U.S. District Judge Thomas Penfield Jackson reversed himself yesterday and ruled that Nation of Islam leader Louis Farrakhan and Bishop George Augustus Stallings Jr. may sit as spectators in the Barry trial, after their lawyers said the two would act with decorum in the courtroom.

Jackson reversed his previous position one day after the U.S. Court of Appeals threw the decision back to him, with a clear signal that he could not bar anyone from his court based merely on that person's political, legal or religious views.

Last week Jackson barred the two men from the federal drug and perjury trial of Mayor Marion Barry, saying they were potentially disruptive and intimidating. The American Civil Liberties Union immediately challenged the order as an unconstitutional deprivation of the rights of the two men.

In open court yesterday, Jackson attempted to dispense with the matter quickly, telling ACLU attorney Arthur B. Spitzer, "I don't think it's necessary to hear from anyone else."

But Farrakhan's lawyer, Lewis Myers Jr., who had flown in from Chicago, insisted on having the final word on the judge's characterization of Farrakhan as potentially disruptive. Myers said he felt it was "insulting."

In Farrakhan's "entire career as a public person, there has never been any threat of violence . . . disruption of any hearing or proceeding," Myers told the judge. "And we would like to be treated . . . like any other American citizen."

Farrakhan was on a speaking tour yesterday, Myers later told reporters, but planned to attend the trial at some point.

Stallings appeared at the hearing, and Spitzer assured the judge that Stallings would abide by his rules of decorum for the trial.

Jackson gave them copies of the special rules.

The rules state, among other things, that any attempt to communicate with a juror may be punished as criminal contempt of court.

When the Barry trial resumed yesterday, Stallings was in the courtroom's front row, where those attending at the defense's invitation normally sit.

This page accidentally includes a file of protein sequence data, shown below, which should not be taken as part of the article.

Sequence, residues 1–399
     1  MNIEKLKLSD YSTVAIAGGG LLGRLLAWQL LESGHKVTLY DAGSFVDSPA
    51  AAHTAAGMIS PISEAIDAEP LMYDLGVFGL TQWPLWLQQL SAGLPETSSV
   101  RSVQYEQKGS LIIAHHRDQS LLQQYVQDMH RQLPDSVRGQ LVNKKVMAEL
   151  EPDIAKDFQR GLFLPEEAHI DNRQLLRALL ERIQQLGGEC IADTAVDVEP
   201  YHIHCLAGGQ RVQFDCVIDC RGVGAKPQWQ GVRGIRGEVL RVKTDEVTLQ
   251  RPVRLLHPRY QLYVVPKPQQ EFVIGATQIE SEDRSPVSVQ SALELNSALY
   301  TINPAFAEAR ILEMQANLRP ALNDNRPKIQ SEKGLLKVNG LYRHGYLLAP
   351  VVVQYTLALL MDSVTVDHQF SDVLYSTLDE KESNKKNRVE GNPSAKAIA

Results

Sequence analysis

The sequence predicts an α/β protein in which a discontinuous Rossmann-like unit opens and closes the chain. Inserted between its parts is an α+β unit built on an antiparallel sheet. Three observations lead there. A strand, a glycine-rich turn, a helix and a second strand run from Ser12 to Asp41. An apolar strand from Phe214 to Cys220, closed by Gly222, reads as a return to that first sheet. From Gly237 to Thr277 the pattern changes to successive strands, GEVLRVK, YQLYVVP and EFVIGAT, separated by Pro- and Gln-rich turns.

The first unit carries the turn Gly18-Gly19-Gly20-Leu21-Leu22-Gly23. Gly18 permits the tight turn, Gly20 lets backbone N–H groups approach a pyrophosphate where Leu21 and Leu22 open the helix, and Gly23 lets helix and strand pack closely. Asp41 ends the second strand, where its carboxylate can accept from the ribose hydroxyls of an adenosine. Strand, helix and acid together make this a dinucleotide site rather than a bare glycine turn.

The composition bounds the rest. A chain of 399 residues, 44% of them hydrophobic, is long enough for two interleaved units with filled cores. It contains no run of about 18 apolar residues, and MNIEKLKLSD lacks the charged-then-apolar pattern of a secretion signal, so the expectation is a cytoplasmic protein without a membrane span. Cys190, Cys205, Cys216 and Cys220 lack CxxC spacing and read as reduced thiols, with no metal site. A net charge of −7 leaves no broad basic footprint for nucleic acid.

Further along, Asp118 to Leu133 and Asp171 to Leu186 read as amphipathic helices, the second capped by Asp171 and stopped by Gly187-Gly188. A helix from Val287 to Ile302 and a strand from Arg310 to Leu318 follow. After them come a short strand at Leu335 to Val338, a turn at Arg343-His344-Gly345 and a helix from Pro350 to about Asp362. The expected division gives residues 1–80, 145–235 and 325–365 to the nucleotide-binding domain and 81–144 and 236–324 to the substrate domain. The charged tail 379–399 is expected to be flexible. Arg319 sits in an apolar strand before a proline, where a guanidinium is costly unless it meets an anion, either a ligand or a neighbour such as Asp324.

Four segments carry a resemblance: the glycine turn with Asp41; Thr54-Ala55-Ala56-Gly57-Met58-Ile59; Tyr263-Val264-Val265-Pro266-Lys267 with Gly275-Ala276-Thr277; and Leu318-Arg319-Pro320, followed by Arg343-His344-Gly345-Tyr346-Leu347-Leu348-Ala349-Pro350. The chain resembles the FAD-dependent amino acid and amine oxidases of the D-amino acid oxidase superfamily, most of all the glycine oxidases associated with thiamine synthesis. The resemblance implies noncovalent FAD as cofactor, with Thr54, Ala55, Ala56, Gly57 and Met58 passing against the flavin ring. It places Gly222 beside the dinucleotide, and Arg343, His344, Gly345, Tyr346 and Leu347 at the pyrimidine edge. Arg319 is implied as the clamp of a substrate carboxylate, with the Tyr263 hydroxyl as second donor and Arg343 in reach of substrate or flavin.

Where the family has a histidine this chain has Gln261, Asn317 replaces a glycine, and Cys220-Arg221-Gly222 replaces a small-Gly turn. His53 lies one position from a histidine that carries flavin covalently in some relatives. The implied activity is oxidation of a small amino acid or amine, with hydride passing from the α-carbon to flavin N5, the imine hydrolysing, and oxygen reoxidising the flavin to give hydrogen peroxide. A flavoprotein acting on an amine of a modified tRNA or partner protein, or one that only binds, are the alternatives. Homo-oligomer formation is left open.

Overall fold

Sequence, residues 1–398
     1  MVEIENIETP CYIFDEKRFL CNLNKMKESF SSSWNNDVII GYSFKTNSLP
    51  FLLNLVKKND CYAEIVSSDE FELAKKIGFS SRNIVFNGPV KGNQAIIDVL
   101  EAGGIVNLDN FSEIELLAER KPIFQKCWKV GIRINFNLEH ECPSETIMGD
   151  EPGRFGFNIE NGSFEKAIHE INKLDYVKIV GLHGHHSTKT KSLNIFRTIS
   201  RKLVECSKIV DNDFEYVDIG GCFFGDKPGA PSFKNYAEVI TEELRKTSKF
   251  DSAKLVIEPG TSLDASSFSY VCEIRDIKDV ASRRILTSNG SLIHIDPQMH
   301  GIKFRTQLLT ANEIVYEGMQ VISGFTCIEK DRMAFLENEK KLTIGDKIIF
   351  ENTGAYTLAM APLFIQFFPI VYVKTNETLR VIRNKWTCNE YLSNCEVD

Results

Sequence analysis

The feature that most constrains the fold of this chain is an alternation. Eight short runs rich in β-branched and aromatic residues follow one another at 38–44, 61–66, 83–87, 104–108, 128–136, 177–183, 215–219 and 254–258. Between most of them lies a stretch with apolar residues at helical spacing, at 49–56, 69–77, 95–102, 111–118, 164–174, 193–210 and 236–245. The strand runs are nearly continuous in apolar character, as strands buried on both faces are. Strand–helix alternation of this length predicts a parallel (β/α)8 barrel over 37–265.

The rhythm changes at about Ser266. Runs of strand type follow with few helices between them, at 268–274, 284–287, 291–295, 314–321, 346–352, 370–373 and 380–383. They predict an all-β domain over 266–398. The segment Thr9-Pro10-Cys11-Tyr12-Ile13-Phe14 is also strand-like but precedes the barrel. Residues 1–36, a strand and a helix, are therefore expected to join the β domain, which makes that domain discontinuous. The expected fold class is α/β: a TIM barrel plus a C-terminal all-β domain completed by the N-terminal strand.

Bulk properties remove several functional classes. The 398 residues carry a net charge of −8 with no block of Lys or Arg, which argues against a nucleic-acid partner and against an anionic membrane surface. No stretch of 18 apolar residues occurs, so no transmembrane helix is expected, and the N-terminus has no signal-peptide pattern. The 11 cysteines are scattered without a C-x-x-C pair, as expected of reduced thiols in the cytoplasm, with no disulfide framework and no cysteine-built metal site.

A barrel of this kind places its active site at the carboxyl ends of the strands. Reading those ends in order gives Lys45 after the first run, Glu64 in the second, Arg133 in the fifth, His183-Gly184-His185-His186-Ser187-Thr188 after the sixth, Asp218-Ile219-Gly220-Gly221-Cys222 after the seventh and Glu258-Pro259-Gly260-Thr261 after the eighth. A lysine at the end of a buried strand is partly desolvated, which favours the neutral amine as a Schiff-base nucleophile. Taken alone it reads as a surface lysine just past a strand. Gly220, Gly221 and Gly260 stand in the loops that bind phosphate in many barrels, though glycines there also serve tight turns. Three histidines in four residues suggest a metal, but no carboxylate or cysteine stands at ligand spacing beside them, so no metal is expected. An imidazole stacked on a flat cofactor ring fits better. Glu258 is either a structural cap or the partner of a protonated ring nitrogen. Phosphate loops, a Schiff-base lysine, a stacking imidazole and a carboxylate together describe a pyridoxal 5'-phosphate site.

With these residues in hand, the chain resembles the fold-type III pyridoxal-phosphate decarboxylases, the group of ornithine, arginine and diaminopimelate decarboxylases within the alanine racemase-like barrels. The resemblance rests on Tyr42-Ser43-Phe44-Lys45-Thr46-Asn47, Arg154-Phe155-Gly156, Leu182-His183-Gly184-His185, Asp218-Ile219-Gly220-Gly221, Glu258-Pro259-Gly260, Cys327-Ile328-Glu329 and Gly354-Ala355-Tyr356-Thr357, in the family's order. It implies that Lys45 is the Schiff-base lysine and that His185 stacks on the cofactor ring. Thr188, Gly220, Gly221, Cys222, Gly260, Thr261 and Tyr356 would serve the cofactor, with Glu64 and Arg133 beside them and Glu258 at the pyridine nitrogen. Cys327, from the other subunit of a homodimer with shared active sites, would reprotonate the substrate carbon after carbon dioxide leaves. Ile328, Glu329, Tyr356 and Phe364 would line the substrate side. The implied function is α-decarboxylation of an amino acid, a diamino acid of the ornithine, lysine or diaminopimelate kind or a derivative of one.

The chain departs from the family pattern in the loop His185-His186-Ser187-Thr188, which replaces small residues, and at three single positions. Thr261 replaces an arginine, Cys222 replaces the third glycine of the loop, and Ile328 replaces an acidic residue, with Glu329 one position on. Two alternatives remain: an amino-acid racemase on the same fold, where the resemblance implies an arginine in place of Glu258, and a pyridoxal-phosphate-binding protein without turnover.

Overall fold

Jackson, who suggested Thursday that he might rearrange the courtroom seating, said yesterday that he would not do so.

Meanwhile, outside the courthouse, the Rev. Al Sharpton, a black activist who was acquitted this week in New York of fraud charges, appeared on the plaza to protest Barry's prosecution as racially motivated.

"I'm not concerned about a seat in the courtroom," Sharpton said, "because I don't want to hear what the prosecution has to say."

Myers, Farrakhan's attorney, said he did not believe that white religious leaders, such as Jerry Falwell or Billy Graham, would have been excluded from the trial. "Perhaps there was a racial motivation," he said.

John D. Aldock, who represented the judge, said Jackson was simply attempting to run a "fair and orderly trial."

He said the judge, in legal arguments filed in the case, took the position that the "reasons for {Farrakhan and Stallings} attending was something more than their desire to see the proceedings."

Myers and Stallings yesterday denied that.

Aldock had argued that the judge rightfully excluded the two men because their presence would likely send messages of intimidation and racial animosity to jurors and witnesses. The arguments cited news reports of their statements alleging that Barry's arrest was racially motivated.

In the legal briefs, Aldock argued that there was heightened concern about their presence during the testimony of key government witness Hazel Diane "Rasheeda" Moore.

One former prosecutor said yesterday that if keeping them outside during her testimony was Jackson's motive, he had achieved his goal.

Moore's testimony ended Tuesday.

Farrakhan has been the focal point of racial and political controversy for years, and has been called a hatemonger by some for his public criticism of Jews, whites and some black leaders. Recently he has characterized statements attributed to him as distortions, and has said he is trying to mend fences.

Stallings, a Roman Catholic priest for 15 years, broke from the Washington Archdiocese a year ago, calling it racist. He has since become a bishop in a new church he formed. Staff writer Matthew Lee contributed to this report.